A woman, unknowingly, uses the sperm of a friend to get pregnant… is what was read on the info summary for the movie starring Jennifer Aniston and Jason Bateman that came out early last year. Against what every movie buff hopes for, the film fell short of its potential. The idea was at the very least intriguing, with the unknowingly thrown in. A woman knows what goes where always, so naturally one wants to find out how she didn’t know. It was puzzling at the end of that hour and a half, what went wrong, where did they miss it?
Acting wasn’t the issue, not with the starring roles; both Aniston and Bateman have done multiple films, and played multiple characters well. The dialogue moved the story along, and had a bit of humor at times. The setting was one that nearly guarantees success; New York City, a story in itself. There was even the clever break of Bateman’s narration as the movie progressed; it was both thought provoking and ultimately full-circle. Was it to plot driven? The focus was off, to much time was spent on sperm donor candidate Roland (Patrick Wilson’s character) and his uneventful life, even the factor of a divorce didn’t spark much for viewers. Perhaps the characters weren’t cared about like an audience should care. Leonard (played by Goldblum) Wally’s friend/work associate didn’t keep much attention, but as a sub-character he didn’t need to, the same with Kassie’s quirky sister Debbie (Juliette Lewis) who was more of a distraction than a character who meshed. The thing is though; they all seemed to be sub-characters. The coined rule that simply states “stuff happens to people you care about” apparently was not on the mind of screenplay writer Allan Loeb. That’s how we like our stories isn’t it? We invest in these people, because we want to relate. may have dropped the ball there. Maybe if Kassie (eager mother, played by Aniston) and Wally (best friend, played by Bateman) brought out something more than just a surface preview of a long friendship, things could’ve gone deeper. Where was the back story, the memories, what makes these people, people? All things to tell a good tale were present, it just missed the mark. The movie constantly brought the hope that things will pick up, and being one of those who needs to watch a movie from beginning to end no matter what, that unfortunately did not come true.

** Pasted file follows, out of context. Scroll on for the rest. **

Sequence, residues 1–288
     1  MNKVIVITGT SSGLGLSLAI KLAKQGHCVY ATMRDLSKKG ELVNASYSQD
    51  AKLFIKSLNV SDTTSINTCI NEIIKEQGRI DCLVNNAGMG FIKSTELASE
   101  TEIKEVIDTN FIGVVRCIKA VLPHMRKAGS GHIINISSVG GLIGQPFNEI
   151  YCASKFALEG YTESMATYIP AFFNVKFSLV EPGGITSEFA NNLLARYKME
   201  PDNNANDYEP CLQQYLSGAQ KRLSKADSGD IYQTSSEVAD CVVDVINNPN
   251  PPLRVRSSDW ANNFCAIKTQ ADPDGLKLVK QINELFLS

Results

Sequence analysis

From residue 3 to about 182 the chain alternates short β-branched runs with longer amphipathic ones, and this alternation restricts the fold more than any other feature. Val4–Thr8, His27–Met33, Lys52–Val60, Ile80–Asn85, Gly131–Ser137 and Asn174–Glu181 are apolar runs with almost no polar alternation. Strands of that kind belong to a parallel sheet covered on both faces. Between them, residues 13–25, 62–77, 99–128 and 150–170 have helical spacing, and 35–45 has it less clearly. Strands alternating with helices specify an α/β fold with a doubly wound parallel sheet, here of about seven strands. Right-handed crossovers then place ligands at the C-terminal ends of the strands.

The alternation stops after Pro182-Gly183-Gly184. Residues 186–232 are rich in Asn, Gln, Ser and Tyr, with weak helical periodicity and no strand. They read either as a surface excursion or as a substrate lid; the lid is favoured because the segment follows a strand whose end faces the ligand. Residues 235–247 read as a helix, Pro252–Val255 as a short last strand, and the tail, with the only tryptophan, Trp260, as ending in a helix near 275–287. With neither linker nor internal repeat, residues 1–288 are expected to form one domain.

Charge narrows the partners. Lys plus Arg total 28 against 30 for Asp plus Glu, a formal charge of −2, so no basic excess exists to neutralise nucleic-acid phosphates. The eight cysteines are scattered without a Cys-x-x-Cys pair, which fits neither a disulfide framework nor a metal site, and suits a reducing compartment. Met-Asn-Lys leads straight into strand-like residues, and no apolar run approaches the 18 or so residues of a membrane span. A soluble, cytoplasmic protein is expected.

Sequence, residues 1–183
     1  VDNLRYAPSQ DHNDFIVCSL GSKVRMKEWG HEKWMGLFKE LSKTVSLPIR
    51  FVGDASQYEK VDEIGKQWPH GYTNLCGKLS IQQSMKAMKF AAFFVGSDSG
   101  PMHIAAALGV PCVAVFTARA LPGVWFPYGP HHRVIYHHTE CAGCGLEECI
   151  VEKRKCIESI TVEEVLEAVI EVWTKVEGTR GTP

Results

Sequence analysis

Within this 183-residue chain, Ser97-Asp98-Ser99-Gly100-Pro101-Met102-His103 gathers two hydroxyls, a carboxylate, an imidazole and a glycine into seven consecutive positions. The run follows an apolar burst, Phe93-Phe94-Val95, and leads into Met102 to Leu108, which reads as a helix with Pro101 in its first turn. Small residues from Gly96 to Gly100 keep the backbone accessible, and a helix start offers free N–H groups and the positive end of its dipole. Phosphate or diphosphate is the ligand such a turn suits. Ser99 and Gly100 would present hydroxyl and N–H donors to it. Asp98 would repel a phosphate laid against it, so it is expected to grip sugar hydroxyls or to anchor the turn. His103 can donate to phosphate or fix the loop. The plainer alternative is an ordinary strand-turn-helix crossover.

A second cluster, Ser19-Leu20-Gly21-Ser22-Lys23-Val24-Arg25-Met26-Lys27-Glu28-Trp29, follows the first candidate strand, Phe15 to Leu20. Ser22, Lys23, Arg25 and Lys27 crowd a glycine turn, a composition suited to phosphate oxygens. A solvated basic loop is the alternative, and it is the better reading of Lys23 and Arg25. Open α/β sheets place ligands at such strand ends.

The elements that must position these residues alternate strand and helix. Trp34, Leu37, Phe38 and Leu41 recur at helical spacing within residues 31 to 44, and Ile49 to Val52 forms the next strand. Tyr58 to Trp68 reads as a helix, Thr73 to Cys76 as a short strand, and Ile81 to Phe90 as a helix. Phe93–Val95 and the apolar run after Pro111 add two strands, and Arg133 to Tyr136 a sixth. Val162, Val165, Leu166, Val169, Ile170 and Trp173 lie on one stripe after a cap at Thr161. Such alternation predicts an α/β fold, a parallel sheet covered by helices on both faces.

The rating of two and a half stars given by those mystical, unfailingly accurate movie-raters was right yet again, less than three just isn’t worth it. When it comes to stars, half means a whole lot. The relationship between Wally and Sebastian had several endearing moments; the duo’s compassion for each other was palpable. The audience wants to feel what is being seen. The same characters starting on a father and son basis may have been more interesting. Of course six year old Sebastian (Thomas Robinson) was an easy win-over with his boyish charm and unique personality, none the less the two had a visible bond.
The verdict; great potential as far as actors, and setting but the storyline needs work. It was fast-pace, so fast it sped over the importance of things. The Switch is a good movie, good enough for two and a half stars and good enough if nothing else is on.